Three UK‘s Chief executive has threatened legal action to block the upcoming auction of 4G and 5G airwaves.
Dave Dyson has said that a legal challenge would be necessary unless Ofcom can prevent larger operators from exercising an unfair advantage over smaller operators.
Dyson stated that unless Ofcom drastically altered the terms of the auction it could mean that the market will go almost exclusively to BT and Vodafone.
4G services were initially delayed by a year in the UK due to operators being unhappy with the terms of the auction. This next wave of 4G spectrum will also lay the groundwork for 5G technology.
Dyson told the Financial Times: “If it was predicted that the number of cars on the road or the amount of food we needed was going to increase 50 times in the next eight years, this would be headline news.”
This could mark the second time the launch of 5G services has suffered a delay involving Three, following the takeover of O2 late last year which was blocked by the European Commission. Dyson acknowledged that a further postponing of the spectrum sale would be a problem, but it is more important for the future to get the structure of the market correct.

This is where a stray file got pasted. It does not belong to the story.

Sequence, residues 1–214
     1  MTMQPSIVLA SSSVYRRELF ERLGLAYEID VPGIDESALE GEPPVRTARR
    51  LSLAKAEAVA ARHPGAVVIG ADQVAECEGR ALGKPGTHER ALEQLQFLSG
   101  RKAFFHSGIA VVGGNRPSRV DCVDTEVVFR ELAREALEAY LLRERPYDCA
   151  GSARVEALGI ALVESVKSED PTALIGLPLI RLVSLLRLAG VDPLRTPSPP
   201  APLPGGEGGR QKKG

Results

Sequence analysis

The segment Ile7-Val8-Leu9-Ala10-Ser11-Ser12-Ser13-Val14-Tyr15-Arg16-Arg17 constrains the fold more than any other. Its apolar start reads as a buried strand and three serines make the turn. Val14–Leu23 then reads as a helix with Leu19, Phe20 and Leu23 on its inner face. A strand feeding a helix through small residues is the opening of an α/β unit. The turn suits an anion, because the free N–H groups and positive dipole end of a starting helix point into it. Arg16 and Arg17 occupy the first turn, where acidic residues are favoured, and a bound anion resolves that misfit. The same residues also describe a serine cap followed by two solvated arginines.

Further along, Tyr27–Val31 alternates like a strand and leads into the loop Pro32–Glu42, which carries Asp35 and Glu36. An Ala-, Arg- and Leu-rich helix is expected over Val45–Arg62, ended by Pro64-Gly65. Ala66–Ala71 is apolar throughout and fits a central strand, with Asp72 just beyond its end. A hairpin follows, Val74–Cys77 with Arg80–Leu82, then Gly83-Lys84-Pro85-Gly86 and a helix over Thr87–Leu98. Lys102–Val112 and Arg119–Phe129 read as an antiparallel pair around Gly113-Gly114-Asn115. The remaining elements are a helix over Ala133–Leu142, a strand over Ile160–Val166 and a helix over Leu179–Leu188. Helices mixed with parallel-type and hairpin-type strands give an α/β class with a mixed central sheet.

Both Three and O2 have requested that caps be introduced on the amount of spectrum that a single operator can purchase in the auction and Ofcom has also proposed the idea of prohibiting BT from taking part.
BT’s EE currently account for 45% of the usable national spectrum, Vodafone owns 28%, 02 15%, and Three 12%.
Rivals of Three were quick to note that there are a further two spectrum sales coming after 2020, and the operators parent company, CK Hutchinson, is capable of funding Three UK for the auction.
An Ofcom spokesman said: “We are carefully considering all responses and will publish our statement, setting out our decision, in due course.”